Interior of ice cave carved by the Cispus River in the Goat Rocks Wilderness of Gifford Pinchot National Forest

Standing before the ice cave entrance, I felt the menacing breath of the ice age upon me. Outside, the day was sunny and mild; inside the cave entrance, the atmosphere was dark, with a thin fog carried by the breeze coming down the long and icy corridor. The wind smelled of elemental rocks and ice, and carried a message of unrelenting cold.

Lower entrance of an ice cave in the  Summerland subalpine meadows of Mt. Rainier National Park

Ice caves, as they are known here in the Pacific Northwest, occur where a creek tumbling down a mountain cuts under a snowfield. An ice cave gradually enlarges as the summer wears on, and it eventually collapses and disappears with the melting of the snowfield. The summer of 2011 was colder than normal, and there was a heavy snowpack from late mountain snows last spring, so some of the snowfields will remain and will grow in thickness with new snow in the cold seasons ahead.

Translucent walls of the Summerland ice cave

The walls of ice caves become scalloped, much like the sun cups that form atop snowfields. The flowing stream, warmer than the frozen snow and ice, causes melting. And the patterns and colors are extraordinarily beautiful. In fact, I could become addicted to photographing every ice cave I found, except for one thing:

ICE CAVES ARE NOT SAFE!

The constant melting and collapsing along the route of the stream is exceedingly dangerous for humans. This point was brought home to me several years ago when my wife called and said she had been on a backpacking trip and was one of the first on the scene of a tragedy. A woman from Seattle had ventured into the entrance of an ice cave, and the roof suddenly collapsed, sending tons of ice down on her head and completely burying her. Despite the heroic efforts of hikers to dig her out using an ice axe, she was dead. This kind of tragedy has happened with regularity during the years I’ve lived in Washington State, and it serves as a warning to me.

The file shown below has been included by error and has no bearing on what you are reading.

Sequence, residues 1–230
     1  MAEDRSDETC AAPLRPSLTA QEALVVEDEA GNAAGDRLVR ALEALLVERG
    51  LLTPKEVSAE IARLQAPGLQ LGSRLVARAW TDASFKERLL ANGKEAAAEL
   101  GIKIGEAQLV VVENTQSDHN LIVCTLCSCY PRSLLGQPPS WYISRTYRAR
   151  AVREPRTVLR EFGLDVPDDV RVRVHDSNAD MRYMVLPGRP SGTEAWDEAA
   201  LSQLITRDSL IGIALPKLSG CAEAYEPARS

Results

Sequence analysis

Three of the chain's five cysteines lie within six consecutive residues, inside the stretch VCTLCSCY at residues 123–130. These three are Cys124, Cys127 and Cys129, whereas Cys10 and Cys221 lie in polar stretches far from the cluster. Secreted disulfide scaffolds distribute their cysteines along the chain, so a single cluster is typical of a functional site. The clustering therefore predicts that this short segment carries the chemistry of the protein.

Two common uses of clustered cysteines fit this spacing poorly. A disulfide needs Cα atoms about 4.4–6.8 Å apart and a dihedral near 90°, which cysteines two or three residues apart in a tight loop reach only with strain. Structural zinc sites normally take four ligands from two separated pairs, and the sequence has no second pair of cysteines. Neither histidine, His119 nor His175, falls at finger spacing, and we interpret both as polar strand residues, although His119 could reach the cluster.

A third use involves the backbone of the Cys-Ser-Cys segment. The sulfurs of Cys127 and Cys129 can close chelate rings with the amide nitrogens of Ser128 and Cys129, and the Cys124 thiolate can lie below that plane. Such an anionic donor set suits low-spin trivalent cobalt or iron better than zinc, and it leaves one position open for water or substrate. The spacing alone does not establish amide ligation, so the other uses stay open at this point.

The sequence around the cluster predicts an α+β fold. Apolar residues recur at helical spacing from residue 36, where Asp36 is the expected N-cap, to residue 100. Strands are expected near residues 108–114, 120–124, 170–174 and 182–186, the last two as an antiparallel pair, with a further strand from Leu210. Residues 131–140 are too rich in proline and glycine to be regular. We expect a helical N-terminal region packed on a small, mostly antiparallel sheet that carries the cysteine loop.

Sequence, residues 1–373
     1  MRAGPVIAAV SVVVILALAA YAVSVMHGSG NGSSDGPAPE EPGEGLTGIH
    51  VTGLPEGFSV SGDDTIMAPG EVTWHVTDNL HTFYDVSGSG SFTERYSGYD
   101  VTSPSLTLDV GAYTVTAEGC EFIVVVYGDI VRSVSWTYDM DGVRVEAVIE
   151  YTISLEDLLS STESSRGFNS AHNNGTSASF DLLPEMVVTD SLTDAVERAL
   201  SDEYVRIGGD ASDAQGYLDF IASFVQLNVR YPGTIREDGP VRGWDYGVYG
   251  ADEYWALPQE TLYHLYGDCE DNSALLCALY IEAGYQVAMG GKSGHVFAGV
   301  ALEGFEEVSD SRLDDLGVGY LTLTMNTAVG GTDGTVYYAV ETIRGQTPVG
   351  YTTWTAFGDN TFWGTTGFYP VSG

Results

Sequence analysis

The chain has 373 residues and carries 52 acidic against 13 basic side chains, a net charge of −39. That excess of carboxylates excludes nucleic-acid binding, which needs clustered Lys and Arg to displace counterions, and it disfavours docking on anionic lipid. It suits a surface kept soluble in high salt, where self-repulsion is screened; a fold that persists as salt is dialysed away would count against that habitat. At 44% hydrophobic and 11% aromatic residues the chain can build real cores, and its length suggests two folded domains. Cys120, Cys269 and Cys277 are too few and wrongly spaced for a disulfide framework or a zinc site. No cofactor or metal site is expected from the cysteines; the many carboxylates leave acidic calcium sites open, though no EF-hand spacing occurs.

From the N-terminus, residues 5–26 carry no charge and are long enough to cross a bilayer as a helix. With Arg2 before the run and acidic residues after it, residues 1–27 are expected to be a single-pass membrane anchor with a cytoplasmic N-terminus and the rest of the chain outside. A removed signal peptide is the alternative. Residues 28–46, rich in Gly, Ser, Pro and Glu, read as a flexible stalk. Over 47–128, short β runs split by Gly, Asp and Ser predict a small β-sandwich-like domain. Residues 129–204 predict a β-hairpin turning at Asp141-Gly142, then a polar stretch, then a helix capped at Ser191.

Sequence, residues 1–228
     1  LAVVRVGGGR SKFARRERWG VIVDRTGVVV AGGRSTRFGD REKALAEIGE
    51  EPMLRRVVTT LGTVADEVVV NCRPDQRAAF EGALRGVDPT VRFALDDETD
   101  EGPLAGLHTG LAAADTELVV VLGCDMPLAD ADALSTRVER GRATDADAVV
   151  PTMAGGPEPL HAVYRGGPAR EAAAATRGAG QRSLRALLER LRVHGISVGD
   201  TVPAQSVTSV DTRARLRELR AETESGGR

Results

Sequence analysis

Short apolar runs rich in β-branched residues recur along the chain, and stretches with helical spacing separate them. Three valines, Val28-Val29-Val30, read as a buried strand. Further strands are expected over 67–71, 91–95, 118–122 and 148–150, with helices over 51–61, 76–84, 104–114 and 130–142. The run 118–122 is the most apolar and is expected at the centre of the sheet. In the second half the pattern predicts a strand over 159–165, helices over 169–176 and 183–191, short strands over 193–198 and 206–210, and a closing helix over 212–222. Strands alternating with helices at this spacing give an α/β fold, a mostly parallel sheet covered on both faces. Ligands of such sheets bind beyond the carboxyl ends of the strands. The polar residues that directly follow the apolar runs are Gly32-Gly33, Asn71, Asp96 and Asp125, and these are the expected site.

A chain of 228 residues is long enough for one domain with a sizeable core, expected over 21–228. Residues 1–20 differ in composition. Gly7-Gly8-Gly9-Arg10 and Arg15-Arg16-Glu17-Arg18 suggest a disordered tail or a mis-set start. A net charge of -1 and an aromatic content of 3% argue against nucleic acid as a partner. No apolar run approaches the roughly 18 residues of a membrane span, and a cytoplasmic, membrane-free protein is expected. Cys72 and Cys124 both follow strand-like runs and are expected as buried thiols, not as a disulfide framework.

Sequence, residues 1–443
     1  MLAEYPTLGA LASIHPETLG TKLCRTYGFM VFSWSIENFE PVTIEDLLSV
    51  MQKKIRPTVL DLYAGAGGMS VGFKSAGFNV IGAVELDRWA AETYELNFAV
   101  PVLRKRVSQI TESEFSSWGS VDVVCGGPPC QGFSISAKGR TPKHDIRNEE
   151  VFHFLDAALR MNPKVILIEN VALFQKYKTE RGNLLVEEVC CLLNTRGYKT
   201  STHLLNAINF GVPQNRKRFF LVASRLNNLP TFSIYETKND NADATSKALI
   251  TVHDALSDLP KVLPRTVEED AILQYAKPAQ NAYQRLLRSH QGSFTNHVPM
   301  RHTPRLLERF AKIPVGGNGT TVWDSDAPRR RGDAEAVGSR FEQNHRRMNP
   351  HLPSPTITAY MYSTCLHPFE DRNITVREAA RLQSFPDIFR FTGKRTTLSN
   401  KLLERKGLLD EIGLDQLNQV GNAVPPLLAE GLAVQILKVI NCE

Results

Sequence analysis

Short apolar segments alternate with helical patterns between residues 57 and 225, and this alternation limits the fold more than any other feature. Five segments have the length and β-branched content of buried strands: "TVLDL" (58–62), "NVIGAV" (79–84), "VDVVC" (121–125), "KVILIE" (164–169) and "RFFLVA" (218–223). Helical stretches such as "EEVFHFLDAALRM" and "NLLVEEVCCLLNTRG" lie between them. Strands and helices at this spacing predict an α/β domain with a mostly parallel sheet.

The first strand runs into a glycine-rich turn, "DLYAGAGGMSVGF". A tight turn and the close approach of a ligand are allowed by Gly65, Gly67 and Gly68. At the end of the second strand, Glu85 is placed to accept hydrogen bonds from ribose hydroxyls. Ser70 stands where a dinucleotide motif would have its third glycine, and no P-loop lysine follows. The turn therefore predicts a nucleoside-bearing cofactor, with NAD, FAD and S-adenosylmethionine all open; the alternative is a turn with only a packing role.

Cispus River Ice Cave

Despite the look of my pictures here, I did not venture more than five feet into an ice cave, and I was crawling on cold earth with my feet in a frigid stream. Overhead, the ice layer was up to maybe six inches thick, and I made a calculated risk that even if the ceiling collapsed it didn’t have far to fall and wouldn’t have the momentum to kill me. To further hedge my bets, I had the camera on autofocus and autoexposure and shot blindly, by instinct, rather than trying to contort myself impossibly (and thus disturb the walls and roof of the cave) to look through the viewfinder. I used the LCD to check my results, and adjust my angles and exposures accordingly.

By the way, the beauty of these ice caves is an ephemeral beauty, since they normally disappear each year. Almost none of them have names, since they are essentially invisible to most hikers. In fact, the Big Four Ice Caves in Washington State’s Mt. Baker–Snoqualmie National Forest is the only named ice cave I can think of. These caves are off-limits to hikers because of deaths that occurred in 1998 and 2010, though there is a well-maintained trail that leads to the vicinity of the ice caves so that people can see the entrances.

 A Summerland ice cave at Mt. Rainier

There is another type of ice cave I would love to photograph: an ice cave through a glacier. Mt. Rainier had a spectacular ice cave near Paradise that lasted for decades, but it disappeared in the late 1980s with climate change and the retreat of Rainier’s glaciers. This cave was immense and was flooded with an eerie blue light that I associate with nuclear reactors. Alas, I’ll have to go somewhere else to see such a sight. Perhaps Iceland.

Upper entrance of a Summerland ice cave, with a torrent of meltwaters cascading into the snowfield

Scalloped walls of a Summerland ice cave

Atop a snowfield at Summerland, showing the melting formations known as suncups

Entrance to a Summerland ice cave

Upper entrance of the Cispus River ice cave, with the Goat Rocks (remnants of an old volcano that blew its top) in the distance

The Cispus River ice cave is colored by the deep blue of compressed snow and ice, and the red tint of watermelon snow–a coloration caused by a dense concentration of algae

Sculpted interior of a Cispus River ice cave

A final view of the Cispus River ice cave, which was small enough that it may no longer exist this year

To see my web site, which includes photographic prints for sale, please go to LeeRentz.com

To see thousands of my photographs in large file sizes for use in magazines or other printed materials or electronic media, go to my PhotoShelter Website